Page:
Testing Spoken Language, A Handbook of Oral Testing Techniques, Nic Underhill, Cambridge Handbooks for Teachers, 1987


Image source: Pixabay

Summary notes

The most important influence on the development of language testing has been the legacy of psychometrics, in particular intelligence testing. A lot of time was devoted into proving there was a single measurable attribute called general intelligence. Psychometrics wanted to be a science. The aspects of human behavior that could be predicted and measured were emphasized. The multiple-choice test offered the learner no opportunity to behave as an individual. Individualism was described as ‘variance,’ and a lot of effort was put into reducing the amount of variance a test produces.

Expectations – Every culture values education highly, but does so in different ways.


  • interviewer
  • interlocutor – A person whose job is to help the learner to speak, but who is not required to assess him/her.
  • assessor
  • marker or rater
  • authentic
  • objective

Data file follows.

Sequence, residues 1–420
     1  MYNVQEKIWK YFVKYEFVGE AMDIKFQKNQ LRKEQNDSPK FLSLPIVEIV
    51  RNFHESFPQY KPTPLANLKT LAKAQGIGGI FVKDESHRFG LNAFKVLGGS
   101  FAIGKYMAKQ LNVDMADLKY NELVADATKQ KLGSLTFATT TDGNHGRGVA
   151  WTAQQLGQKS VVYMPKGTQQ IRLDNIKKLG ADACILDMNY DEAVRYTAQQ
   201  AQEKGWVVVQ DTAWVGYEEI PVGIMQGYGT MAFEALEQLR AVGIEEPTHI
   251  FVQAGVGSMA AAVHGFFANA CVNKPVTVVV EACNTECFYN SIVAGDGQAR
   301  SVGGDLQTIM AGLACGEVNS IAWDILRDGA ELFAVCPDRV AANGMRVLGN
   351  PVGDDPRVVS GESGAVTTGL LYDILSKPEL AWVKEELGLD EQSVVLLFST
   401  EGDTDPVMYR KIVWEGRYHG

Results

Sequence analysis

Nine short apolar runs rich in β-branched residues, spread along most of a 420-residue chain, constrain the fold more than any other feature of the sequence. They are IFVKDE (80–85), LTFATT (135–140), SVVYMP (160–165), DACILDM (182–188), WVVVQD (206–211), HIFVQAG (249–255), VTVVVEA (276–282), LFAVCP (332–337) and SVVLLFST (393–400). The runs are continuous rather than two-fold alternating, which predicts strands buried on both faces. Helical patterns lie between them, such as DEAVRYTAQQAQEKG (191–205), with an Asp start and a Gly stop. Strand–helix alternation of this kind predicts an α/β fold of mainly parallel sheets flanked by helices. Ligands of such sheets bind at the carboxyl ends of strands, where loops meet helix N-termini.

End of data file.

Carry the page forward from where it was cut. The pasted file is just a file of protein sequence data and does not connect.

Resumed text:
• stimulus
  • validity – Does the test measure what it’s supposed to?
  • reliability – Does the test give consistent results?
  • evaluate – Find out if the test is working.
  • moderate – To compare the way different assessors award marks and to reduce discrepancies.


Tests can be used to ask four basic kinds of question around:

  • proficiency
  • placement
  • diagnosis
  • achievement

Who does a learner speak to in a test?

  • Learner <> Interviewer/Assessor
  • Learner <> Interlocutor
  • Learner <> Learner
  • Learner <> Group

Chapter 3 presents a nice list of task types that could be given in oral exams.

A marking key or marking protocol sames time and uncertainty by specifying in advance, as far as possible, how markers should approach the marking of each question or task.

Performance criteria might include: Length of utterances; complexity; speed; flexibility; accuracy; appropriacy; independence; repetition; hesitation.

Mark categories could be given a weighting.